“He was my favorite brother,” Vincent Murrill said. “Momma was crazy about him. He was a lovable kid. He was not a runaway.”
Anthony age progressed to 61 years old
Bobby McCann, a senior at a Sandy Springs high school in nearby Georgia, helped underprivileged kids and tutored Anthony. A photo of Bobby and Anthony was featured in a local newspaper article. McCann remembers Anthony fondly, including the time he and his then-girlfriend took him out to dinner at a diner.
“He kind of got my heart,” said McCann, 71, who is now retired and living in North Carolina. “He was a sweet kid.”
McCann was attending college in South Florida when his mother called to let him know that Anthony was missing, that police said he ran away. Ran away? That didn’t sound like the Anthony he knew.
“I think of Anthony from time to time,” McCann said. “It always broke my heart. Atlanta was very different back then than it is now.”
Anthony's former tutor, Bobby McCann, 71.
Over the more than five decades Anthony has been missing, McCann went on to become a teacher, then a principal and is now retired in North Carolina. When he started his own family in South Florida, he used to take his two-year-old son to the Sears store at a shopping mall in Hollywood, Florida. Around that time, 6-year-old Adam Walsh was abducted from the same store on July 27, 1981. Adam was later found murdered.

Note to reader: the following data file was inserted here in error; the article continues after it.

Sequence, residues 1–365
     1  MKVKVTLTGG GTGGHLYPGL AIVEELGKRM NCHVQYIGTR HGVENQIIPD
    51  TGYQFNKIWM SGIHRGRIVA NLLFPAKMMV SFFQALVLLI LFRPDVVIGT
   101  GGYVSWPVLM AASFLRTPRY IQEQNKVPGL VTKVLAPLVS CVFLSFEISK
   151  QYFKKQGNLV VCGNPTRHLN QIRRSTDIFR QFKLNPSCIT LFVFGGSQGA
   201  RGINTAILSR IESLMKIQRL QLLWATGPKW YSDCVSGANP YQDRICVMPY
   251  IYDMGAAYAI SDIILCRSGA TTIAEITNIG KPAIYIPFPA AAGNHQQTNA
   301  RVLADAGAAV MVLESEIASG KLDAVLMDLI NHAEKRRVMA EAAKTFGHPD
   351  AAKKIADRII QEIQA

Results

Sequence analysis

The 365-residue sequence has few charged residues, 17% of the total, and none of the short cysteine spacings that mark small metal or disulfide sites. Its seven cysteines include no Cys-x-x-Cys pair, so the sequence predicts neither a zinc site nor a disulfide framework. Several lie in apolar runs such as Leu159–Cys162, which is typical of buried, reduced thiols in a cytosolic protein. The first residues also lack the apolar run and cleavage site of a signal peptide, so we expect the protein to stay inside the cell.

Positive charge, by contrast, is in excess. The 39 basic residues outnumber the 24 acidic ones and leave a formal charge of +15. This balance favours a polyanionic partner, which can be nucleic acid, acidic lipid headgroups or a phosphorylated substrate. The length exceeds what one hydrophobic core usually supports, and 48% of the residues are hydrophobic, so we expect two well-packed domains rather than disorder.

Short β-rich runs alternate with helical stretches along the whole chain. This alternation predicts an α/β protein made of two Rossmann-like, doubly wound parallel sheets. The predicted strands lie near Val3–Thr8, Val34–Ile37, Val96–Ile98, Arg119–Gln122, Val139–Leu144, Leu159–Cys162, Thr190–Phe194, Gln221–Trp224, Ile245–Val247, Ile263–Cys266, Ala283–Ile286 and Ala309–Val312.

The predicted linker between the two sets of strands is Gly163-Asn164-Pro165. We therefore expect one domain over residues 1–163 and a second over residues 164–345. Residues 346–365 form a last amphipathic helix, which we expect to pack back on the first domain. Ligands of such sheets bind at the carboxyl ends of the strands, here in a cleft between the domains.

“Everyone was freaking out,” McCann said of Adam’s abduction. “We wouldn’t let our children out of our sight. We were all so scared as young parents.”
McCann didn’t realize that Adam’s parents, John and Reve´ Walsh, co-founded NCMEC, which is now helping Atlanta police take a fresh look at Anthony’s case. Both he and Anthony’s family are heartened by the new development.
Atlanta police Sgt. Niya Mitchell said the family’s DNA will be entered into CODIS (Combined DNA Index System), the FBI’s DNA database. She hopes that either CODIS or forensic genealogy will yield some answers. NCMEC works with the Family Tree DNA and GEDmatch genealogy websites to find relatives of missing children, and Mitchell encourages the public to submit their DNA. “You never know, it could be the daughter of Anthony,” she said.
The wife of Stuart Knox, Alice, who made the report about the cold case on behalf of the family, said his relatives distributed flyers in his Harris Homes neighborhood after Anthony went missing and held an event with mothers of other missing children in the community. Harris Homes has since been demolished.
“You can imagine how devastating this was to his mother and father until the day they passed,” Alice Knox wrote in her police report to Mitchell. “Thank you so much for opening his case and, hopefully, we all will have some information on the whereabouts of Anthony and/or what happened to him.”
If you have any information about Anthony Murrill, please contact Atlanta Police at 1-404-577-TIPS or NCMEC at 1-800-THE-LOST (1-800-843-5678).